Facebook Goes Global With Data Center in Sweden

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An artist's illustration of what the new Facebook data center in Lulea, Sweden will look like when it is completed. (Click for larger image)

Facebook will build a huge new data center in northern Sweden to support the rapid global growth of its users, the company said today. The new data center in Lulea, Sweden will be Facebook’s first facility outside the United States. 

The location takes advantage of the cool climate in Lulea, a seaside town of 45,000 located at approximately the same latitude as Fairbanks, Alaska. That cool weather will allow Facebook to use outside air to cool the tens of thousands of servers that will occupy the new campus.

Facebook plans to build multiple data centers in Lulea, beginning with a 27,000 square meter (290,000 square foot) first phase that will be completed in late 2012 and begin supporting traffic in the first half of 2013.

Electricity from Green Power Sources

The Facebook Lulea data center will be powered primarily by renewable energy, a change from the social network’s first two company-built data centers in Oregon and North Carolina, which each relied upon utility power that originated primarily from coal. Facebook’s power sourcing had been highlighted by the environmental group Greenpeace, which launched a lengthy campaign urging Facebook to “Unfriend Dirty Coal.”

The expansion of Facebook’s infrastructure beyond the U.S. reflects the increasingly global makeup of its user base. More than 75 percent of Facebook’s 800 million users are located outside the United States. Building data centers closer to these users can improve the speed of their connection and overall Facebook experience.

“It’s the next step in our ongoing strategy of building our own infrastructure and moving away from leased facilities,” said Facebook spokesman Michael Kirkland. “We are expecting this data center to continue to help us reduce latency for our users in Europe and beyond.”

Sweden: Climate, Connectivity, Green Power

The Facebook announcement is being celebrated in Sweden, and particularly in Lulea, where economic development officials have been marketing the region as a data center destination due to its combination of a cool climate, strong connectivity and plentiful supply of cheap, renewable energy.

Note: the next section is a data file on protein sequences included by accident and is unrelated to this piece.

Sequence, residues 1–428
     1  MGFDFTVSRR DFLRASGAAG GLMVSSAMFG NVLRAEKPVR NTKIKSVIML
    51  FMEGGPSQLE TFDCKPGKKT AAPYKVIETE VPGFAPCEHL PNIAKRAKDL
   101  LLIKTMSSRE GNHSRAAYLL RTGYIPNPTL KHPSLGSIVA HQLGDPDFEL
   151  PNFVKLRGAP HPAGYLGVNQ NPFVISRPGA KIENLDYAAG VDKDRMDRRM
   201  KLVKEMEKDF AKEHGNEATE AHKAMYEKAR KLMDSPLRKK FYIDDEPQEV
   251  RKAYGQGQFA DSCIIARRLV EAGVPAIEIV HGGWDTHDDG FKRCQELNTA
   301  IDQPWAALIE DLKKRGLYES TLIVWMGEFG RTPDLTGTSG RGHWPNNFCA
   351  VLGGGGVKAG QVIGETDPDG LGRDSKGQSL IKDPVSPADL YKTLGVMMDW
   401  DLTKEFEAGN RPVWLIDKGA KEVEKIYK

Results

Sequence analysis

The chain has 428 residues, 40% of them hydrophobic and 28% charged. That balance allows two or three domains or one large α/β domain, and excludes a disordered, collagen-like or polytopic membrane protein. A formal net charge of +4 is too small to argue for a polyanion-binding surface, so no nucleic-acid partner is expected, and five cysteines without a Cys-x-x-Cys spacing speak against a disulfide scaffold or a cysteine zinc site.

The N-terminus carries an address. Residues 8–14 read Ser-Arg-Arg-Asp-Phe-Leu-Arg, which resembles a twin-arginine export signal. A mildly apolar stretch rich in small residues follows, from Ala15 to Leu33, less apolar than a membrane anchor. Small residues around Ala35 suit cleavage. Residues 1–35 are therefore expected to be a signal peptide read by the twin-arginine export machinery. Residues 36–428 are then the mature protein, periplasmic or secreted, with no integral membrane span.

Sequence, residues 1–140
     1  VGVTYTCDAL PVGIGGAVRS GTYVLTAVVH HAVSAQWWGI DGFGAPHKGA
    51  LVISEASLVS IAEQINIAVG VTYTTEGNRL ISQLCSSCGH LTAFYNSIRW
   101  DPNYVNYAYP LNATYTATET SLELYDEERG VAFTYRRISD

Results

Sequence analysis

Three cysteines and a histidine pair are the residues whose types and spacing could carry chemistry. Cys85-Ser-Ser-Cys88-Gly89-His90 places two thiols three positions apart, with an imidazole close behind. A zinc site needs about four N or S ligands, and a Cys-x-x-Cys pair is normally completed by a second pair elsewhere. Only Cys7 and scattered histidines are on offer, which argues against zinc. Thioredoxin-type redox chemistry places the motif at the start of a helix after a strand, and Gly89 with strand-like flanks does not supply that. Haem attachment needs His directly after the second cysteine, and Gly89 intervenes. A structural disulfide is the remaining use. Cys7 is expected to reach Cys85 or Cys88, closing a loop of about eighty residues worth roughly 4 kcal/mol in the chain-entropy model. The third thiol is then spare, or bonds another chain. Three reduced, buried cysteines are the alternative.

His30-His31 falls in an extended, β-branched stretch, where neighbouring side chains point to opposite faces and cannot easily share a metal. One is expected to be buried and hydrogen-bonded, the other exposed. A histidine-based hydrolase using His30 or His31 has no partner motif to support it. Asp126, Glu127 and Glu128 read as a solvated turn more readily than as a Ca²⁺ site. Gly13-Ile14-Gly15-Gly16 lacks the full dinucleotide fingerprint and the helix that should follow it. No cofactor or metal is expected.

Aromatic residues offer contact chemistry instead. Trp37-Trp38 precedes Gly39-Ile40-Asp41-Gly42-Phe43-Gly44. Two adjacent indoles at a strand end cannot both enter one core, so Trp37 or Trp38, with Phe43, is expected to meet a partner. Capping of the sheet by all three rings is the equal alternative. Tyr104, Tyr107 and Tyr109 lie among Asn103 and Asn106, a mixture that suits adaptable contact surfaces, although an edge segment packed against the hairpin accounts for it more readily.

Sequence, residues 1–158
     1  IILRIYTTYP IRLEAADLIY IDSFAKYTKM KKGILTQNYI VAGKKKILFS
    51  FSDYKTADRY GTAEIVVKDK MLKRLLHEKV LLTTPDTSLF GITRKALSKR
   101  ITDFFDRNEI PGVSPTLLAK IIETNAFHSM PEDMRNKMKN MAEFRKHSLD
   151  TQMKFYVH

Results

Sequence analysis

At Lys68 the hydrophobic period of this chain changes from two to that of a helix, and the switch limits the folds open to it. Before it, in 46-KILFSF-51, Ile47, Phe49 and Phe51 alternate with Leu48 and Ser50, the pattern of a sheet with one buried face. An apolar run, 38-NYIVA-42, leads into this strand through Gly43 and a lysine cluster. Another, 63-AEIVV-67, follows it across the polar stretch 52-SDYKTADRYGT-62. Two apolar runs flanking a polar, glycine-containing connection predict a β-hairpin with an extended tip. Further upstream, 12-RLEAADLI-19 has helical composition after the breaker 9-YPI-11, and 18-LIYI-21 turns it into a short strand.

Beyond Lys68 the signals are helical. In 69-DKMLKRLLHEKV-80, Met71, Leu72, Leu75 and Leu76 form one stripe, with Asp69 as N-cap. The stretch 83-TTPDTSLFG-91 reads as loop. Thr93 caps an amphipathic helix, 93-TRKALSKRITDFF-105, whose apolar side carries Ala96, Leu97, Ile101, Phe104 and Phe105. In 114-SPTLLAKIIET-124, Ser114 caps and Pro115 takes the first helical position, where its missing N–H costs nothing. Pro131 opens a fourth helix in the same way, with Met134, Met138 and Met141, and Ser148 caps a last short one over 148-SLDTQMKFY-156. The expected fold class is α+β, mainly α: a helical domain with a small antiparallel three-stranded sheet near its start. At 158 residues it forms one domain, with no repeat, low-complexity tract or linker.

“The cool, dry climate will allow us to continue our practice of using outside air to cool our data centers,” said Kirkland. The average daily temperature in Lulea ranges from high of 41 degrees F (5 degrees C) to low of 27 degrees F (-2.5 degrees C). The area averages just four days a year with high temperatures exceeding 25°C (77 degrees F).

Sweden is ranked second in the world for its telecommunications infrastructure by the International Telecommunication Union (ITU), trailing only South Korea. Lulea has connectivity from five carriers: backbone provider TeliaSonera and Tele 2, TDC, Telenor and Banverket.

Energy Sourcing an “Important Consideration”

The nearby Lule River produces about 13.6 million megawatt hours of hydro-electric power, equal to 10 percent of Sweden’s total demand for electricity. Officials in Lulea say the area has some of the cheapest power rates in all of Europe.

“This will be the first Facebook data center powered primarily by renewable power, primarily hydro,” said Kirkland. “It’s a really important consioderation for us. Obviously, it’s not the only consideration.”

“This is a great step forward for Facebook, but we would like more details on how much renewable energy will power its data centre in Luleå,” said Casey Harrell, Greenpeace IT analyst. “With the IT sector one of the fastest growing consumers of electricity in the world, Facebook’s taking leadership on renewable energy could help determine whether we have a dirty ‘cloud’ or not.”

Facebook says the Lulea facility with be an energy-efficient data center, and employ many of the techniques used to conserve power at its Prineville site. The Oregon facility uses evaporative cooling instead of a chiller system, continuing a trend towards chiller-less data centers and water conservation. Facebook also says it will use waste heat from servers to heat office areas.

Inside the building, Facebook is expected to implement the server and data center designs outlined in the Open Compute Project, which the company launched in February to release its custom designs for servers, power supplies and UPS units.

We’ll have more details on the new facility after today’s press conference in Sweden and the Facebook Open Compute Summit in New York.

About the Author

Rich Miller is the founder and editor at large of Data Center Knowledge, and has been reporting on the data center sector since 2000. He has tracked the growing impact of high-density computing on the power and cooling of data centers, and the resulting push for improved energy efficiency in these facilities.

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16 Comments

  1. It's Luleå, not Lulea ;-)